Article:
US5476511 *21 Jul 199319 Dec 1995Allergan, Inc.Subconjunctival implants for ocular drug delivery
US5487725 *1 Dec 199430 Jan 1996Syntec, Inc.Pneumatic vitrectomy for retinal attachment
US5582595 *28 Sep 199510 Dec 1996Habley Medical Technology CorporationAspirating syringe having a plunger guide for a reciprocating plunger assembly
US5620700 *9 May 199515 Apr 1997Alza CorporationInjectable drug delivery system and method
US5728102 *12 Nov 199617 Mar 1998Staar Surgical Company, Inc.Disposable intraocular lens insertion system
US5743886 *20 Aug 199628 Apr 1998Lawrence A. LynnSequential medical fluid aspiration and injection system and method
US5773019 *27 Sep 199530 Jun 1998The University Of Kentucky Research FoundationImplantable controlled release device to deliver drugs directly to an internal portion of the body
US5783205 *10 Apr 199721 Jul 1998Alza CorporationInjectable drug delivery system and method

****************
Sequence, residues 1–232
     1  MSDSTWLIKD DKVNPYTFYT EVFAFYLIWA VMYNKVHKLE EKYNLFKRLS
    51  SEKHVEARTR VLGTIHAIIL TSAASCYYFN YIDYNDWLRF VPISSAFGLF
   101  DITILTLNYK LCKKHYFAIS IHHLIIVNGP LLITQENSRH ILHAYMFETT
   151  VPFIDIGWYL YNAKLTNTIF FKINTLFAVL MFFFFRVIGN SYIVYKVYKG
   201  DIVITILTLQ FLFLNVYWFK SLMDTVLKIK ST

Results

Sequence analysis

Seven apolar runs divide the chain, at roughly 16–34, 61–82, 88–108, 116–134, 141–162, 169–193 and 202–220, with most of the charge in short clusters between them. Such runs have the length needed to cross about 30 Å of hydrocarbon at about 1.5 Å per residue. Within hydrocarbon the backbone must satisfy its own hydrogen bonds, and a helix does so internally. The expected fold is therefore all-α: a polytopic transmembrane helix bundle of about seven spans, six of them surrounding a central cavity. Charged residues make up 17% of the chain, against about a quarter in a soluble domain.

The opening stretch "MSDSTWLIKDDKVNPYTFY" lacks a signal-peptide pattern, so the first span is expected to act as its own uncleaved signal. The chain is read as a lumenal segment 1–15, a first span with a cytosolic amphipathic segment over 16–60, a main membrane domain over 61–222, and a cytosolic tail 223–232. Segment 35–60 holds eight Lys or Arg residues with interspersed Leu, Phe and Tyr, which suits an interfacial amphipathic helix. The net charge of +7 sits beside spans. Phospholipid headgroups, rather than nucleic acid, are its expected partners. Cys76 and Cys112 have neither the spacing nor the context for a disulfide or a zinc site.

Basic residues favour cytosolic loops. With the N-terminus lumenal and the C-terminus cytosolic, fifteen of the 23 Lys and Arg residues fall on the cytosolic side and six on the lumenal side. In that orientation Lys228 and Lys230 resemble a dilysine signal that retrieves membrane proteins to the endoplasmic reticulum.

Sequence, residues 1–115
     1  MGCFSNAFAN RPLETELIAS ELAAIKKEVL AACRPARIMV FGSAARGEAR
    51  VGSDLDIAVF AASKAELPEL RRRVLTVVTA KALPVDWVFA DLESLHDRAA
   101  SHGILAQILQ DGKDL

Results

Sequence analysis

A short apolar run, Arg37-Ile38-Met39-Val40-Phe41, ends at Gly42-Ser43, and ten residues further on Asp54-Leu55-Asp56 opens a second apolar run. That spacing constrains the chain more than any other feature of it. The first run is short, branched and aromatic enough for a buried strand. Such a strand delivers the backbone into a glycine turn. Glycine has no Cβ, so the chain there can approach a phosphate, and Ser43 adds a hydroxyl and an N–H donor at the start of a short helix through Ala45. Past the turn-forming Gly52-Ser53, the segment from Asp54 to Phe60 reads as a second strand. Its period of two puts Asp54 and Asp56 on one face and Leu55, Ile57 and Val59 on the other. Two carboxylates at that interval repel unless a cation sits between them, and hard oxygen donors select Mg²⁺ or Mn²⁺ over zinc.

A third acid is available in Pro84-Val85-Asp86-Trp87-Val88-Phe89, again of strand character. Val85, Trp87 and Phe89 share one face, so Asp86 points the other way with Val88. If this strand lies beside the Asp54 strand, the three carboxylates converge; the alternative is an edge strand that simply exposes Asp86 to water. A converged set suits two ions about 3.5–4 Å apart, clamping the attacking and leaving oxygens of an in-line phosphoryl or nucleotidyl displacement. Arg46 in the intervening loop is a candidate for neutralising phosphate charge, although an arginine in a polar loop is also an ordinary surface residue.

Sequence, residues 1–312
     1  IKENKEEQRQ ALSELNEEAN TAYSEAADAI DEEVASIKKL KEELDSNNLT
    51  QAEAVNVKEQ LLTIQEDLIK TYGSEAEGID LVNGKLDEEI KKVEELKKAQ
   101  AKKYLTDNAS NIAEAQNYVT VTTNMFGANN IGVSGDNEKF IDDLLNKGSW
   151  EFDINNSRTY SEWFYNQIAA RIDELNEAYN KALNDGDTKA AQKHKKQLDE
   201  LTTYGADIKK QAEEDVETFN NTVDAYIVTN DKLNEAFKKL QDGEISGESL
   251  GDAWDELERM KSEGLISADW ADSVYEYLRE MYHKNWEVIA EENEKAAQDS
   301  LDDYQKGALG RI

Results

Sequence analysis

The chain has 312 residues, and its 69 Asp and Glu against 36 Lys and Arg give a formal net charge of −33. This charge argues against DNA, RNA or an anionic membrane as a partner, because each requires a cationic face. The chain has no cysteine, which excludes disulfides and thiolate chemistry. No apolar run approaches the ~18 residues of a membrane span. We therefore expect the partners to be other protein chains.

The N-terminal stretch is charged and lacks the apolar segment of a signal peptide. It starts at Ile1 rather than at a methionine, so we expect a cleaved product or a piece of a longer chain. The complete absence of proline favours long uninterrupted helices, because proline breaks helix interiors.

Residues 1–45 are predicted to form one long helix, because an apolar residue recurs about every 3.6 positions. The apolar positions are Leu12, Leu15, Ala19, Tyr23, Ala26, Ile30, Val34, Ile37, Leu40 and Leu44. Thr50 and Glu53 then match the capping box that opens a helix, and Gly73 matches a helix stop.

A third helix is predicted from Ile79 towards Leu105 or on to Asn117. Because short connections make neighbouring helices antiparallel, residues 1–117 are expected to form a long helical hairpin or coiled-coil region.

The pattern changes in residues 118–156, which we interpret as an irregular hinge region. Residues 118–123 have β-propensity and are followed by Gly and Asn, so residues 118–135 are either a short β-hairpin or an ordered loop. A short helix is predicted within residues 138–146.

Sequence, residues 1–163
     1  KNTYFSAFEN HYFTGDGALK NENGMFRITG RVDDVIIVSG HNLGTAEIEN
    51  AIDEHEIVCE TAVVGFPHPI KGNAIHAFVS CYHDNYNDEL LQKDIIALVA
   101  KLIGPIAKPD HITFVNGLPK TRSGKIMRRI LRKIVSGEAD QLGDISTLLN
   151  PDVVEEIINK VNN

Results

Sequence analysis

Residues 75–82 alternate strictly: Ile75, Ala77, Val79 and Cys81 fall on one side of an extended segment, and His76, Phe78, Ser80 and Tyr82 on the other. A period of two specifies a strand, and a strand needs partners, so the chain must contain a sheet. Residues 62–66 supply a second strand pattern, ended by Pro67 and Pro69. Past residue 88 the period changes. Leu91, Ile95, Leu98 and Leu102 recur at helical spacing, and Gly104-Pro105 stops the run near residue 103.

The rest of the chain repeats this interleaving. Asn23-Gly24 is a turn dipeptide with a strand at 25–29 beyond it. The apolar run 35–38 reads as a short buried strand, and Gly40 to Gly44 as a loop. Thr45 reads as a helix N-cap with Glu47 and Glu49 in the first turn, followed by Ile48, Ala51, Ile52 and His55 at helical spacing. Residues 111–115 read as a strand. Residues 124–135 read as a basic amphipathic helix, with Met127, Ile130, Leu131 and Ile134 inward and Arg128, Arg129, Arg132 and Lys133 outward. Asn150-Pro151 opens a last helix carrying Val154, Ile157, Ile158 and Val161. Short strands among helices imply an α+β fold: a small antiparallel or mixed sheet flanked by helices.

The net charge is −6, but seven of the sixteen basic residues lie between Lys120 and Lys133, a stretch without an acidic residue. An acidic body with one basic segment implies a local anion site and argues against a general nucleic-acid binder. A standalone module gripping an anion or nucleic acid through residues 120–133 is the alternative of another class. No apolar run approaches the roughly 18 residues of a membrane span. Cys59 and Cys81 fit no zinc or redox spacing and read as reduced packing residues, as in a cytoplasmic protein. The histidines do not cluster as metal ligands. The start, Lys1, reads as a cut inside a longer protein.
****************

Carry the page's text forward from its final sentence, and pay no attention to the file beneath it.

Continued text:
US5824072 *14 Aug 199620 Oct 1998Oculex Pharmaceuticals, Inc.Biocompatible ocular implants
US5860949 *12 Nov 199719 Jan 1999Chen; Jen-YieVolume homeostatic fluid-fluid exchanger
US5928663 *30 Jul 199727 Jul 1999Vitrophage, Inc.Intraocular perfluorcarbon compositions and surgical methods of using same
US5984889 *2 Apr 199716 Nov 1999Allergan Sales, Inc.Apparatus and method for delivering viscoelastic material to an eye
US6210357 *15 Jul 19993 Apr 2001Robert E MorrisApparatus for performing surgery inside the human retina using fluidic internal limiting membrane (ILM) separation (films)
US6270343 *7 Jan 20007 Aug 2001Howard MartinEndodontic thermal condenser dental instrument
US6290690 *21 Jun 199918 Sep 2001Alcon Manufacturing, Ltd.Simultaneous injection and aspiration of viscous fluids in a surgical system